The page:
Richard Aspinall Tests this Great Looking Sicce LED Unit
Images: Richard Aspinall
Italians tend to be proud of their reputation for design and when you look at Sicce’s AM series you can understand why. The units combine great looks, with robust construction and represent a lighting option for hobbyists not wishing to explore or simply not interested in the ever increasing amount of controllability in the market.The AM366 is one of four of the range – the larger AM466 and AM650 are essentially longer versions of the 366 and the MINU model at 20watts, is ideal for nano systems. See the table for more information about the range.
The range uses a straightforward approach to light output: use lots of LEDs – which results in a very even light without hotpots according to Sicce. The 366 uses 196, 12,000 – 14, 000K LEDS each running at a stated value of 0.179 watts each. The actinic component of the output is provided by 14 446nm LEDs. The same ratio is replicated in the rest of the range. Overall the unit is rated at 14,000K.
Sicce’s design means that the LEDs are run below their maximum, Sicce tell me the 465nm LEDs are run at 70% of nominal which according to Sicce will give the unit an extended lifespan, which is backed up by a five year guarantee.
The striking design isn’t just ‘window dressing’, according to Sicce the acrylic acts as an insulator, preventing radiant heat reaching the aquarium surface. The acrylic is sealed to the rest of the unit using O rings. Sicce are one of the few manufacturers that are confident in describing their product as “watertight”, though you will need to use the same level of care with the controller and PSU as you would any other piece of electronics in the presence of saltwater.
The unit comes well-wrapped to ensure the acrylic plate is scratch free and comes with all the required cables, hanging kit and a sunrise/sunset controller. The power supply unit (24v output), is robust and cased in aluminium, the power cord attaches to the top rear of the unit using a bespoke three pin connector that can be secured with a screw and is presumably “watertight”. Though I didn’t test this as Sicce wanted the unit back!
The controller can be added between the PSU and the unit (or left out if you don’t need to control output at all). This small gadget has a simple sunrise/sunset program built in. The program starts when the unit is powered up. You can dim the white LEDs using the +/- control. If power is lost the unit remembers the program and the time and will recreate a quick sunrise or sunset and return to the position it should be at. I should add that this component is not watertight and will need protecting from splashes and humidity.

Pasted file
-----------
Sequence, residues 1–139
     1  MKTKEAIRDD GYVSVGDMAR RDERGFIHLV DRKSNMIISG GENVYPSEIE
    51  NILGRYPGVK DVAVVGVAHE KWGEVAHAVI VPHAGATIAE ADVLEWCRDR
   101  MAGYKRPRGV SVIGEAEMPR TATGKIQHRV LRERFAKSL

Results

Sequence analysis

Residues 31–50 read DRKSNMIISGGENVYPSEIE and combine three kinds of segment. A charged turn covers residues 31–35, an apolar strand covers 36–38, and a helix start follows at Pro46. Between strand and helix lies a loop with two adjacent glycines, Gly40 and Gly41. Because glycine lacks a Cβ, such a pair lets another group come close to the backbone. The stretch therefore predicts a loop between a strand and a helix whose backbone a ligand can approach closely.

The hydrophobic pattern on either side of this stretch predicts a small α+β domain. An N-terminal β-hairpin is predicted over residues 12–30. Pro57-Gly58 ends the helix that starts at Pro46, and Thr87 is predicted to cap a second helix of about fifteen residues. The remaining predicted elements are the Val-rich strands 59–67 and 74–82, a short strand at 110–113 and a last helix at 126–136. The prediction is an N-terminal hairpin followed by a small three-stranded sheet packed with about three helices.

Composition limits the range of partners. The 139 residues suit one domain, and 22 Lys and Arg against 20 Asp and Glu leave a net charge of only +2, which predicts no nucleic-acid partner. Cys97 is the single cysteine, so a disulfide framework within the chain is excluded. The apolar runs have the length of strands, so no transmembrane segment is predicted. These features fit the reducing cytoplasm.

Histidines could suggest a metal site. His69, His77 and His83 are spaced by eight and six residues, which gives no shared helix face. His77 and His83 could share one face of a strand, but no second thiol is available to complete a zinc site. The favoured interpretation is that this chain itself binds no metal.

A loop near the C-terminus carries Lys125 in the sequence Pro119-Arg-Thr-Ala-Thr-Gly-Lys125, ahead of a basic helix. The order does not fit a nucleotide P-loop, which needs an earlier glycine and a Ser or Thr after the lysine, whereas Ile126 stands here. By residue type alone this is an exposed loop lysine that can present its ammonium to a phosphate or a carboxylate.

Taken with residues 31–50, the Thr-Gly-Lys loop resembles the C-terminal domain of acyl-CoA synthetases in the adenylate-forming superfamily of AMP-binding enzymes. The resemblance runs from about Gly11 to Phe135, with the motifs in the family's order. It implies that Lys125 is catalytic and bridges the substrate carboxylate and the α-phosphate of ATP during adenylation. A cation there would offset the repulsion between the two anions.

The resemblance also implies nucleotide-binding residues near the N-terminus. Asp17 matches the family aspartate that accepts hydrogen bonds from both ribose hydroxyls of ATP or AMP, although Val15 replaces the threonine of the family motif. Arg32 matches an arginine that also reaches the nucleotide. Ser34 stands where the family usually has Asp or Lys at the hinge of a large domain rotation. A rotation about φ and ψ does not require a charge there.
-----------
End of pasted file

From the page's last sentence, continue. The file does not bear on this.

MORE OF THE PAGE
The controller comes with a small 12v transformer and doesn’t pull its own power from the main line, which I think is a shame as it’s yet another cable in the usual reef tank clutter. However, it’s a minor detail and the light is free from controls of course, thus maintaining the sleek look.
The hanging kit uses four steel cables in standard ‘grip’ fittings. These are secured onto the unit’s corners. The kit is supplied with acrylic brackets should you wish to secure the other end of the cables into these and then fix them to your ceiling.
Sicce have decided against active cooling and employed a fairly hefty aluminium heat sink secured above the acrylic plate. It’s hard to capture it effectively in a magazine image, but the acrylic channels a small amount of light through itself giving a slight touch of illumination to the edges of the plate. This looks very nice, but also manages to distract the eye from the heat sink and emphasis the unit’s thinness at only one and half inches.
Performance and PAR
The unit looks great, but what about performance? Sicce say that their approach of using multiple low output LEDS has created a lighting unit without significant hotspots, so let’s see if this is accurate?
|Depth (cm)||Horizontal distance from centre of unit (cm)||0||10||20||30|
PAR readings in μmol m2 per second, using an Apogee MQ 200 meter. The AM366 was suspended at 20cm above the water surface. Given that the unit is square, readings taken from centre can be assumed to be identical in any horizontal direction. This was borne out in testing with only a minor variation (less than 5%) – this was not considered significant.
The AM366 is certainly a great looking lighting unit that will complement any tank. It is also well-made and has a philosophy behind it that is very appealing. It might not be for everyone, computer control, storm simulation and precise spectral control of these units isn’t on the horizon, if ever, but that might not matter? Sicce say they’ve spent a lot of time testing the light to get their spectrum just right and their web site and supporting material show some corals with good growth rates and great colour.
There’s clearly nothing wrong with the PAR output either, whilst it isn’t as high as some other units on the market, it is even and more consistent than some. There is a peak directly under the unit, but at 20cm the horizontal spread is quite consistent. With the longer units, lighting will be clearly more consistent again.
The AM366 will retail at around £699 according to Sicce.
|Size (inches)||Recommended tank size (inches)||Power consumption (watts)||10,000-12,000K LEDs||465nm actinic LEDs|
|MINU||5.5 x 5.5 x 1.5||Up to 24||20||72||4|
|AM366||14.5 x 14.5 x 1.5||14-32||60||196||14|
|AM466||18.5 x 14.5 x 1.5||20-40||110||392||28|
|AM650||25.5 x 14.5 x 1.5||32-48||170||588||42|
Tech specs, source: Sicce